The Port Arthur News
Combining a fascination for history, a love for music and his own Cajun family heritage, Groves author Tim Knight has penned the first book about Harry Choates — a musical genius who wrote the definitive “Jolie Blon,” and is to this day known as “The Godfather of Cajun Music.”
“Harry Choates put Cajun music on the map. He literally introduced Cajun music into a genre that eventually spread to all other parts of the country,” Knight said.
The adjunct history professor at Lamar State College-Port Arthur said writing “Poor Hobo — The Tragic Life of Harry Choates,” was a fascinating experience, not only because of the many Cajun musicians he interviewed, but also because of the tale’s tragic nature.
“Everything written in the book is well-researched, and much of the content came straight from the musicians he shared the stage with,” Knight said.
The musically gifted Choates lived a life as colorful as his death was darkly tragic. From an early age he spent much of his time in bars, playing and listening to music, but in the end, he died behind bars in an Austin jail cell.
“It was a very sad story. He was a musical genius who could pick up any instrument and play it, yet he could not put the bottle down,” Knight said.
Choates was born in Rayne, La., the day after Christmas in 1923. By the early 1930s, when his parents were separated, he moved with his mother to Port Arthur — part of the great Cajun migration to the Gulf Coast, where plentiful work in the refineries promised a brighter future.
Though Choates had little, if any, formal musical training, he played the fiddle, guitar and accordion in a way that made people happy.
During his early days in Port Arthur, Choates is believed to have lived on the corner of Mobile and Nederland Avenue. He was prone to skipping school and wandering around the 100 and 200 blocks of Procter Street, where he slipped into bars, crawled under tables and listened to music blaring from a jukebox.
By the age of 13, Choates was so adept at playing typical Cajun music in bands that he traded in his school books for the pocketchange he earned as a musician during The Great Depression.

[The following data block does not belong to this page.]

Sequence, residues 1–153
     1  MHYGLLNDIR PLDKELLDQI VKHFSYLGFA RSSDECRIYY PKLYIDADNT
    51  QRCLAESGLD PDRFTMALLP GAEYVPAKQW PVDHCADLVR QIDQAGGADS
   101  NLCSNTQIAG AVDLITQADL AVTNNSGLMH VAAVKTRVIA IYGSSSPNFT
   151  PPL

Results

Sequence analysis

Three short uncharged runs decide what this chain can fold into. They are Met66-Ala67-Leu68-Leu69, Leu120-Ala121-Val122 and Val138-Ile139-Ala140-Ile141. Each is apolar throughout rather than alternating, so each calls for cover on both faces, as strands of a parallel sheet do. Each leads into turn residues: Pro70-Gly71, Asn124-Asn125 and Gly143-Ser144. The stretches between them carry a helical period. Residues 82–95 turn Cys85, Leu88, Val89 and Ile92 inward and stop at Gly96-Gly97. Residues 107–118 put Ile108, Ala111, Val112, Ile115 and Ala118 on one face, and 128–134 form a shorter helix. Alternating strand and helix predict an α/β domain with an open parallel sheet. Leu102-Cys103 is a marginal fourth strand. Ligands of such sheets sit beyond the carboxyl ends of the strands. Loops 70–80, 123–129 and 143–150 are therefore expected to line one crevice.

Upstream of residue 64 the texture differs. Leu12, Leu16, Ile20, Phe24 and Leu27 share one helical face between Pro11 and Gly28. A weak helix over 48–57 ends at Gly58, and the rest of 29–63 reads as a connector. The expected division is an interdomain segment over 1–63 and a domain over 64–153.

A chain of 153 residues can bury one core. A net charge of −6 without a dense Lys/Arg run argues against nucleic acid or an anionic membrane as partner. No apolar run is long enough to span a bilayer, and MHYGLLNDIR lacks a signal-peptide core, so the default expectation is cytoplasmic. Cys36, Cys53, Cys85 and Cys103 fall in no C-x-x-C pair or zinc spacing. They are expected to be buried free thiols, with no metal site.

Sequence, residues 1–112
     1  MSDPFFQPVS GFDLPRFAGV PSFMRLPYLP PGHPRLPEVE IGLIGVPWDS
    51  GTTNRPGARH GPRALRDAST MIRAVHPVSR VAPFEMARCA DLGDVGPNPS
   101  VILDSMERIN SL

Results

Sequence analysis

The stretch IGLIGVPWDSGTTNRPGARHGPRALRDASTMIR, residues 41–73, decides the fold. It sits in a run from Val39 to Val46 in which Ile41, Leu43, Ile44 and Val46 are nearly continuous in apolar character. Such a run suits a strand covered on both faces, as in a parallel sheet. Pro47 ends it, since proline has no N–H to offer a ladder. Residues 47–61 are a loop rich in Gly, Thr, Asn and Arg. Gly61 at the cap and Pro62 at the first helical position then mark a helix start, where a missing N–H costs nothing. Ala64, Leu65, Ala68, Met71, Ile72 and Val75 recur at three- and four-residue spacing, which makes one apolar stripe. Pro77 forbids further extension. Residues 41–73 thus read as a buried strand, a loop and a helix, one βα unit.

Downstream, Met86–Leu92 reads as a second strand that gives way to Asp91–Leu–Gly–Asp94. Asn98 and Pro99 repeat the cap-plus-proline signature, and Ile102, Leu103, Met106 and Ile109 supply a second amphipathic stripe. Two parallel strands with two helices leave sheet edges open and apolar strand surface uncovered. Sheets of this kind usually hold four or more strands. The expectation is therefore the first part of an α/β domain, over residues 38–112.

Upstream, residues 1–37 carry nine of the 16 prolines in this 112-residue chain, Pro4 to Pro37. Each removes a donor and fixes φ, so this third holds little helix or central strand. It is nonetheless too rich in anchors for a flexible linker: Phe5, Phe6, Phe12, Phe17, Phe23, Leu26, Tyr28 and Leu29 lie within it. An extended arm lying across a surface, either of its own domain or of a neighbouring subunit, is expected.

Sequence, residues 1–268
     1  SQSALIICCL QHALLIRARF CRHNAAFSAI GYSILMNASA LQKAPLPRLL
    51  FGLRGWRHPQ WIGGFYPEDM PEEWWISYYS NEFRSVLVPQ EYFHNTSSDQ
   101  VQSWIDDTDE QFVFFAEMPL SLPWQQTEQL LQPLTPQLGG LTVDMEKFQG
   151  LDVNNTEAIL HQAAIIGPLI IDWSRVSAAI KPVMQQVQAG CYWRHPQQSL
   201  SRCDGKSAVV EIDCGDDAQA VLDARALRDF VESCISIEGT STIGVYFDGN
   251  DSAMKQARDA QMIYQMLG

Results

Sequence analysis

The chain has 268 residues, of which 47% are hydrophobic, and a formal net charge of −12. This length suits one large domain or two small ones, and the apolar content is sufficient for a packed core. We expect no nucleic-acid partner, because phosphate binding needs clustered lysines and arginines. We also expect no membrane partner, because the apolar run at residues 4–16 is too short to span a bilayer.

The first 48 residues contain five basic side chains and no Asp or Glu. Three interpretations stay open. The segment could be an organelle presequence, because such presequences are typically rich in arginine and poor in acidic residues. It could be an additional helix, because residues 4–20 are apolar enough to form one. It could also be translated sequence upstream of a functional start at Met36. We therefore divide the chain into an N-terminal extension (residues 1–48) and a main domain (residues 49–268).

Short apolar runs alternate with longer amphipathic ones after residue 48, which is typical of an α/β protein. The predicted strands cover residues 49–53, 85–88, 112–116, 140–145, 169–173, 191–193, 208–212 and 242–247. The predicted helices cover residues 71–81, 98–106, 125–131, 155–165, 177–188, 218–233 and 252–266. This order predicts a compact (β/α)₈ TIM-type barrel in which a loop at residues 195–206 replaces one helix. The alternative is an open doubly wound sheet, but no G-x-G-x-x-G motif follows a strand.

By that early age, he had already developed what would be a lifelong battle with alcohol.
Choates and his band, The Melody Boys, rewrote traditional Cajun waltz, “Jolie Blone, and recorded it as “Jole Blon.” The song quickly became a favorite and today is considered the Cajun anthem.
“When Harry came out with Jole, it was wildly popular,” Knight said.
Knight’s new book is laced with stories of philandering and never-before-published photos depicting Choates’ life — from the time he was a youngster roaming the streets of Port Arthur, to his untimely death at the young age of 28.
“If you were a young musician back then and you got to play with Harry, it was the highlight of your career,” Knight said.
In between drinking and making music, Choates married Helen Daenan, a Port Arthur woman, and fathered to children with her.
He was also a drunk and a womanizer — both of which led to his untimely death.
“His wife finally got disgusted with him and divorced him. He never paid attention to child support so she filed on him. He was playing in Austin at the time, and got picked up there,” Knight said.
In the jail cell, Knight began to go through alcohol withdrawals, became delirious and died, three days after he was incarcerated.
The cause of his death remains a mystery, whether it was directly related to the alcohol withdrawal, or from a possible beating he took while behind the Austin bars.
It took Knight about 10 years to write the book. During that time he visited with Choates’ musician friends, who all had a story to tell about the Godfather of Cajun Music.
Knight’s book was published with the assistance of the Port Arthur Historical Society, and is available for purchase at the Museum of the Gulf Coast.
“It’s not a huge book, not a “War and Peace,” but there has not been a book written about him before,” Knight said.